CD 71+ erythroid nucleated cells have pronounced immunoregulatory properties in normal and pathological conditions. Many populations of cells with immunoregulatory properties are considered candidates for cellular immunotherapy for various pathologies. This study characterized the immunoregulatory properties of CD71+ erythroid cells derived from CD34-positive bone marrow cells under the influence of growth factors that stimulate differentiation into erythroid cells. CD34-negative bone marrow cells were used to isolate CD71+ erythroid nuclear cells. The resulting cells were used to assess the phenotype, determine the mRNA spectrum of the genes responsible for the main pathways and processes of the immune response, and obtain culture supernatants for the analysis of immunoregulatory factors. It was found that CD71+ erythroid cells derived from CD34+ cells carry the main markers of erythroid cells, but differ markedly from natural bone marrow CD71+ erythroid cells. The main differences are in the presence of the CD45+ subpopulation, distribution of terminal differentiation stages, transcriptional profile, secretion of certain cytokines, and immunosuppressive activity. The properties of induced CD71+ erythroid cells are closer to the cells of extramedullary erythropoiesis foci than to natural bone marrow CD71+ erythroid cells. Thus, when cultivating CD71+ erythroid cells for clinical experimental studies, it is necessary to take into account their pronounced immunoregulatory activity.

RevDate: 2023-11-13
CmpDate: 2023-10-06

Derenko M, Denisova G, Litvinov A, et al (2023)

Mitogenomics of the Koryaks and Evens of the northern coast of the Sea of Okhotsk.

Journal of human genetics, 68(10):705-712.

Due to the geographical proximity of the northern coast of the Sea of Okhotsk and Kamchatka Peninsula to the Beringia, the indigenous populations of these territories are of great interest for elucidating the human settlement history of northern Asia and America. Meanwhile, there is a clear shortage of genetic studies of the indigenous populations of the northern coast of the Sea of Okhotsk. Here, in order to examine their fine-scale matrilineal genetic structure, ancestry and relationships with neighboring populations, we analyzed 203 complete mitogenomes (174 of which are new) from population samples of the Koryaks and Evens of the northern coast of the Sea of Okhotsk and the Chukchi of the extreme northeast Asia. The patterns observed underscore the reduced level of genetic diversity found in the Koryak, Even, and Chukchi populations, which, along with the high degree of interpopulation differentiation, may be the result of genetic drift. Our phylogeographic analysis reveals common Paleo-Asiatic ancestry for 51.1% of the Koryaks and 17.8% of the Evens. About third of the mitogenomes found in the Koryaks and Evens might be considered as ethno-specific, as these are virtually absent elsewhere in North, Central and East Asia. Coalescence ages of most of these lineages coincide well with the emergence and development of the Tokarev and Old Koryak archaeological cultures associated with the formation of the Koryaks, as well as with the period of separation and split of the North Tungusic groups migrated northwards from the Lake Baikal or the Amur River area.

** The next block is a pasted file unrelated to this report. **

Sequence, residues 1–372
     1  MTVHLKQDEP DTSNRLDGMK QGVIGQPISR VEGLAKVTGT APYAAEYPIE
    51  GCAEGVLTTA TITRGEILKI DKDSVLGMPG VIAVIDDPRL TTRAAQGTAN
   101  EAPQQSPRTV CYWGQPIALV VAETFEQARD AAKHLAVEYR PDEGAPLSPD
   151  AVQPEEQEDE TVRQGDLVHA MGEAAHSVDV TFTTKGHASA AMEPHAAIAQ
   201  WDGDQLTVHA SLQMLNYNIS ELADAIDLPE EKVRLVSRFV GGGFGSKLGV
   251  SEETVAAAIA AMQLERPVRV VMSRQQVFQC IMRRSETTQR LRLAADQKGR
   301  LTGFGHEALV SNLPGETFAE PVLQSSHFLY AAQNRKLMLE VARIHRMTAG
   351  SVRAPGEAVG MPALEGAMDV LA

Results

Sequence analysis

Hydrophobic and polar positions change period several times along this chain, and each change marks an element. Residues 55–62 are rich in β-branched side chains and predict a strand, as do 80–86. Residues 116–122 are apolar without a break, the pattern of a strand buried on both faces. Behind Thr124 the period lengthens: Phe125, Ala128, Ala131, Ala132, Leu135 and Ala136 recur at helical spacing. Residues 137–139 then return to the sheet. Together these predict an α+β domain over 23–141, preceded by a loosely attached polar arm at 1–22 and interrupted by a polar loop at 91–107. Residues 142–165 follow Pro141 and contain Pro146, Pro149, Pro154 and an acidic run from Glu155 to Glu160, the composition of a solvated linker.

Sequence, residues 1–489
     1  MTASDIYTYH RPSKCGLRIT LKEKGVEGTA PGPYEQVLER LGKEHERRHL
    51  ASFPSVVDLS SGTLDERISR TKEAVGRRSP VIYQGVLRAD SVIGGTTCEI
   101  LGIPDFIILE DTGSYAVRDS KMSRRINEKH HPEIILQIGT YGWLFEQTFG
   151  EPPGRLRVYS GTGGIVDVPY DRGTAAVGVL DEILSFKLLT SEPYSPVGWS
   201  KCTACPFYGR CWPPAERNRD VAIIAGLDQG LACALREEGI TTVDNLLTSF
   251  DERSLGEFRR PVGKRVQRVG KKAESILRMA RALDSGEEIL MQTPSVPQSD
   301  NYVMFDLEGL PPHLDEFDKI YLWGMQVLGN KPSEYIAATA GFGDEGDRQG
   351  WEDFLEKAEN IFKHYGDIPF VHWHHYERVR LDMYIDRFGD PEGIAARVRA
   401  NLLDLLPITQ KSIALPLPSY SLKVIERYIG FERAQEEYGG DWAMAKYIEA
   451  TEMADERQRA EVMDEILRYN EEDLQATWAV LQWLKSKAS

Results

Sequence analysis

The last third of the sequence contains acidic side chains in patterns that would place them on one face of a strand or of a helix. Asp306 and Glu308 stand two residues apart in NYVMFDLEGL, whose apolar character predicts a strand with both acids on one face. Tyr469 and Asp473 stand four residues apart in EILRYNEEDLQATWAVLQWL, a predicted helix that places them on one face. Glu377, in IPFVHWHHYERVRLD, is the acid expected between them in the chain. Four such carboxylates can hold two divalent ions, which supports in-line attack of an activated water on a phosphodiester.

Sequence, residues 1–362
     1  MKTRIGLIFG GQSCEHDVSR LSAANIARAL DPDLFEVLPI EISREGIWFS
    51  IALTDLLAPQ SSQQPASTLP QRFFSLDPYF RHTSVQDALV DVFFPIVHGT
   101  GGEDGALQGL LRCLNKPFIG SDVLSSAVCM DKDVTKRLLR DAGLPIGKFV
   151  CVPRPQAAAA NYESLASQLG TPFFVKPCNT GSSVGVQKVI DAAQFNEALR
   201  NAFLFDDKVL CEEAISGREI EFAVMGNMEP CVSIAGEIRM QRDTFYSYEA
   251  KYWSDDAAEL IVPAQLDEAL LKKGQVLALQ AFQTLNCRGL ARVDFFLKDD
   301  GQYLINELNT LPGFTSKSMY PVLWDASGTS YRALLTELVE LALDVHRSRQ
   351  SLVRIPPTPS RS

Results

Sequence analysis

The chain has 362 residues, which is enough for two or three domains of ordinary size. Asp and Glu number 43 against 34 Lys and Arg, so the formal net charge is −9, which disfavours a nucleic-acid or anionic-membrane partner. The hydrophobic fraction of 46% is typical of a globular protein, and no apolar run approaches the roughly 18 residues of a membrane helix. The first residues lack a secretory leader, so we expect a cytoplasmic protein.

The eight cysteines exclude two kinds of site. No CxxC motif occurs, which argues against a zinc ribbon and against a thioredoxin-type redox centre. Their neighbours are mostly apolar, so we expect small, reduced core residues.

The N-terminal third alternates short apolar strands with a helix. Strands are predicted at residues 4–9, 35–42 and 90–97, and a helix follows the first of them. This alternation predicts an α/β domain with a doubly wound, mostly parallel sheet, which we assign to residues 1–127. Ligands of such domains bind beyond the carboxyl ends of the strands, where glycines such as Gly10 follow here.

RevDate: 2023-06-22
CmpDate: 2023-06-15

Shunatova N, Denisova S, Shchenkov S, et al (2023)

Colonial system of integration and communication pores in a polymorphic bryozoan Dendrobeania fruticosa (Bryozoa: Cheilostomata).

Journal of morphology, 284(7):e21601.

Bryozoan colonies are composed of zooids, which can differ in structure and function. Autozooids supply heteromorphic zooids with nutrients, which are usually unable to feed. To date, the ultrastructure of the tissues providing nutrient transfer is almost unexplored. Here, we present a detailed description of the colonial system of integration (CSI) and the different types of pore plates in Dendrobeania fruticosa. All cells of the CSI are joined by tight junctions that isolate its lumen. The lumen of the CSI is not a single structure, but a dense network of small interstices filled with a heterogeneous matrix. In autozooids, the CSI is composed of two types of cells: elongated and stellate. Elongated cells form the central part of the CSI, including two main longitudinal cords and several main branches to the gut and pore plates. Stellate cells compose the peripheral part of the CSI, which is a delicate mesh starting from the central part and reaching various structures of autozooids. Autozooids have two tiny muscular funiculi, which start from the caecum apex and run to the basal wall. Each funiculus includes a central cord of extracellular matrix and two longitudinal muscle cells; together they are enveloped with a layer of cells. The rosette complexes of all types of pore plates in D. fruticosa display a similar cellular composition: a cincture cell and a few special cells; limiting cells are absent. Special cells have bidirectional polarity in interautozooidal and avicularian pore plates. This is probably due to the need for bidirectional transport of nutrients during degeneration-regeneration cycles. Cincture cells and epidermal cells of pore plates contain microtubules and inclusions resembling dense-cored vesicles, which are typical of neurons. Probably, cincture cells are involved in the signal transduction from one zooid to another and can be a part of the colony-wide nervous system.

RevDate: 2023-06-28
CmpDate: 2023-06-14

Rigaud S, Rybin EP, Khatsenovich AM, et al (2023)

Symbolic innovation at the onset of the Upper Paleolithic in Eurasia shown by the personal ornaments from Tolbor-21 (Mongolia).

Scientific reports, 13(1):9545.